Intermittent Fasting – What the Science Says

Intermittent Fasting – What the Science Says
  • Dr. Taylor Wallace
  • September 19, 2019

Intermittent fasting diets are currently one of the world’s most popular health trends.  They have gained considerable popularity in recent years, as some people find these diets easier to follow than traditional calorie restriction.   Intermittent fasting is an umbrella term for various diets that cycle between periods of fasting and non-fasting.  The diet doesn’t specify which foods you should eat, but rather when you should eat.

Types of Intermittent Fasting Diets

Common intermittent fasting practices involve daily 16-hour fasts or fasting for 24-hours, twice per week. Three main types of intermittent fasting diets exist:

  • The 16:8 method, which involves skipping breakfast and restricting daily eating to 8-hours, then fasting for 16-hours in between.
  • Whole day fasting (also known as the 5:2 diet) that involves one or two fasting days per week, with an allowance of 500-600 calories during those days.
  • Alternate-day fasting is the strictest form and involves fasting for 24-hours, once or twice a week.

Recent findings suggest that various types of intermittent fasting diets are equally as effective as calorie restriction for weight loss.  A handful of small studies in overweight and obese individuals show significant beneficial effects of intermittent fasting on blood pressure, blood sugar levels, weight loss, and percent body fat reduction.   Healthy non-obese individuals have also been shown to lose a significant amount of weight and body fat, while maintaining normal resting metabolic rate (i.e., intermittent fasting did not lower metabolism).  However, this was only a 22-day study and self-reported hunger did increase, staying constantly elevated, throughout the study.  This decreases the likelihood of long-term adherence to the intermittent fasting; a big issue with most fad diets.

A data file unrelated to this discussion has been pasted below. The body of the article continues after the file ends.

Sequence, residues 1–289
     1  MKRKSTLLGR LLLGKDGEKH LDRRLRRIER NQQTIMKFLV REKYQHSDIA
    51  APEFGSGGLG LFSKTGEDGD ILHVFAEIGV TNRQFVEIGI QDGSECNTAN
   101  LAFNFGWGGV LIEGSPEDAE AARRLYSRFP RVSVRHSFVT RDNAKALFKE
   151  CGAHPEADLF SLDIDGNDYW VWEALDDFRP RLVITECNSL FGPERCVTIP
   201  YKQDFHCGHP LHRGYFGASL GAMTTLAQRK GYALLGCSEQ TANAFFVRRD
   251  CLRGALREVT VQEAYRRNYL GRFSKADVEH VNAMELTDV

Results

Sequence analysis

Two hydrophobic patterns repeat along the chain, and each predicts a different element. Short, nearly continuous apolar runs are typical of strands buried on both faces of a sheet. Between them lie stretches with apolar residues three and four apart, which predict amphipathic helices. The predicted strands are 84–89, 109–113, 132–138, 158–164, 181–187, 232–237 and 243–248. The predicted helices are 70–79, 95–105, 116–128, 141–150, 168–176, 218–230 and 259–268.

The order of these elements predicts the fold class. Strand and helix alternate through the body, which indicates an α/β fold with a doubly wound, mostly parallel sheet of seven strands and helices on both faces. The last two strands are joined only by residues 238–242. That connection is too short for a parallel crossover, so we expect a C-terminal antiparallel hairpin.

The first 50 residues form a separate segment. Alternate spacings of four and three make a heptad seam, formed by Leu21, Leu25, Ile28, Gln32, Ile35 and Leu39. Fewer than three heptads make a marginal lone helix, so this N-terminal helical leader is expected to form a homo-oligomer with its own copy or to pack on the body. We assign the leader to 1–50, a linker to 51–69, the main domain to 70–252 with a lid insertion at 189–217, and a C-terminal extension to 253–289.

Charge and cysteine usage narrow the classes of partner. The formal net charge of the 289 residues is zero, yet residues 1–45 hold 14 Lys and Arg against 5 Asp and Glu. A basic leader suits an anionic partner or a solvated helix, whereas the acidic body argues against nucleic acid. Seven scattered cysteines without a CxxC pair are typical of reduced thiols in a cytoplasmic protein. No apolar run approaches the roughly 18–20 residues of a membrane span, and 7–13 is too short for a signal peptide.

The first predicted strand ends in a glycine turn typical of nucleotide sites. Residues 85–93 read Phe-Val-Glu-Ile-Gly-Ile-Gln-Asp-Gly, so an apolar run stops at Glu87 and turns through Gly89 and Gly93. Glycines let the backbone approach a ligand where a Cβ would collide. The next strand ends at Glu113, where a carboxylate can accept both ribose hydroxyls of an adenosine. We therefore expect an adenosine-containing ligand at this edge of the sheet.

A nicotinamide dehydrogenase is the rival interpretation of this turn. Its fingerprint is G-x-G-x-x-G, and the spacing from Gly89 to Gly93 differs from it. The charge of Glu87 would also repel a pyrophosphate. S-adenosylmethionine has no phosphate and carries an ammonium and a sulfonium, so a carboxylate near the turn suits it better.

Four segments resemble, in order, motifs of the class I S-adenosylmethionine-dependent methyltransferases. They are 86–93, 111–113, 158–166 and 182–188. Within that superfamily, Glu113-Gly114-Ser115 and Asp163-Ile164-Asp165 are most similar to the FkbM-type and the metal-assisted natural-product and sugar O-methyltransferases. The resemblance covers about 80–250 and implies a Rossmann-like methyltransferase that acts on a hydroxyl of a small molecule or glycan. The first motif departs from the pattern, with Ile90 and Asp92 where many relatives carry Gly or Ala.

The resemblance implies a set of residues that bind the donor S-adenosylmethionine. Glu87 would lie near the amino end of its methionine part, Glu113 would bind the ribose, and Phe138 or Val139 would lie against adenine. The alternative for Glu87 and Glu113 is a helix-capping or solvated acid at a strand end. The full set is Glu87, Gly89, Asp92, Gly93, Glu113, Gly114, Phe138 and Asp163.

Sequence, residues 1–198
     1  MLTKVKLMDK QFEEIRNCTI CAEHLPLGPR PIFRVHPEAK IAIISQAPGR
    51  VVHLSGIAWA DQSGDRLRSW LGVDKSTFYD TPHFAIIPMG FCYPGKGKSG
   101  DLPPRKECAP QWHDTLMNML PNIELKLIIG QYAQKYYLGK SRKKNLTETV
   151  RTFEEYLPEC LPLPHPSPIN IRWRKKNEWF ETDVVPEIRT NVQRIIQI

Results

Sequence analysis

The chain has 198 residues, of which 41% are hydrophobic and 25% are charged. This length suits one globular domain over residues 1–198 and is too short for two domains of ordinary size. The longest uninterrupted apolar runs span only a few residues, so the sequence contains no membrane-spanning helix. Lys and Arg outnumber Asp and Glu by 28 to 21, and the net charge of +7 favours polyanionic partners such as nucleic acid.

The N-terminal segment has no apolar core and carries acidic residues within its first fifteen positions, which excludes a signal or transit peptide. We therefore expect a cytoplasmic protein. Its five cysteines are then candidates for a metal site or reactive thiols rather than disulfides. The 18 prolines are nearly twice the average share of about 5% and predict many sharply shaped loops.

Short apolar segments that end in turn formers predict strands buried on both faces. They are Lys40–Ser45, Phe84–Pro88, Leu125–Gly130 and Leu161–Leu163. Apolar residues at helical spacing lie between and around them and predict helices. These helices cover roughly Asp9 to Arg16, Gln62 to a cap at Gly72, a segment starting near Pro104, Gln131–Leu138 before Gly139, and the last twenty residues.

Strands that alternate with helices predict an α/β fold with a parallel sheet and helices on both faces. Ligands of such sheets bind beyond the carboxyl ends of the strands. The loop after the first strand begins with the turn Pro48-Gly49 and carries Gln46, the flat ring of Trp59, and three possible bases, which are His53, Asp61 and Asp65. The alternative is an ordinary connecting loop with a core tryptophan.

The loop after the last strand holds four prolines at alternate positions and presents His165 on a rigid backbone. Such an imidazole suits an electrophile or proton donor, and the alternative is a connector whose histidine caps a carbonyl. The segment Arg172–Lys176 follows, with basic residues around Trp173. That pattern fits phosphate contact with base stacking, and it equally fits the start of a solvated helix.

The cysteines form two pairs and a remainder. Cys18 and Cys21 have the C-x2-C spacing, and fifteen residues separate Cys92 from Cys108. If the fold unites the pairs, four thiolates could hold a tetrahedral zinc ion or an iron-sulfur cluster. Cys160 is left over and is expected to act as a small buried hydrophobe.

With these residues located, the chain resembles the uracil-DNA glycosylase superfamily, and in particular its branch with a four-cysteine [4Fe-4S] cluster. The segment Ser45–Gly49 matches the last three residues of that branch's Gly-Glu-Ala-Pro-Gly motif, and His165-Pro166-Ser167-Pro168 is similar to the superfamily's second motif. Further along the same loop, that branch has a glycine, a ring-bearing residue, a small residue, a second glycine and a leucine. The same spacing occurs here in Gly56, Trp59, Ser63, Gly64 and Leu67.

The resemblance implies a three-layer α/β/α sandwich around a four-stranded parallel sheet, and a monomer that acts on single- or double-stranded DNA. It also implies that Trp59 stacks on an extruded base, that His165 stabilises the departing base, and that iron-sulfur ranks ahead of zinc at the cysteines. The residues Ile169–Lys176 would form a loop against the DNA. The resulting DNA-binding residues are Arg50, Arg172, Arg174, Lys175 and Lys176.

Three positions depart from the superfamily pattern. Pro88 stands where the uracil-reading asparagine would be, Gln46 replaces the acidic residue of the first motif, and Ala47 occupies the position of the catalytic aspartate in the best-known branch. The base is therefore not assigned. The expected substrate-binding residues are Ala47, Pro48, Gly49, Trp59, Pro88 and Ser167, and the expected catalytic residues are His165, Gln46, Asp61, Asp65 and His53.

Complex physiological mechanisms regulate body weight and resist weight loss.  Many diets, even the most divergent ones, are capable of a degree of short-term success, with some diets leading to marginally greater losses than others over periods of several months.  However, it’s the long-term that really matters.  Effective diets for weight loss need to be established over years to decades.  The best guidance on healthy eating and losing weight comes from the U.S. Department of Agriculture’s website.  Also check out my 9 Ways to Lose Weight and Be Healthy.


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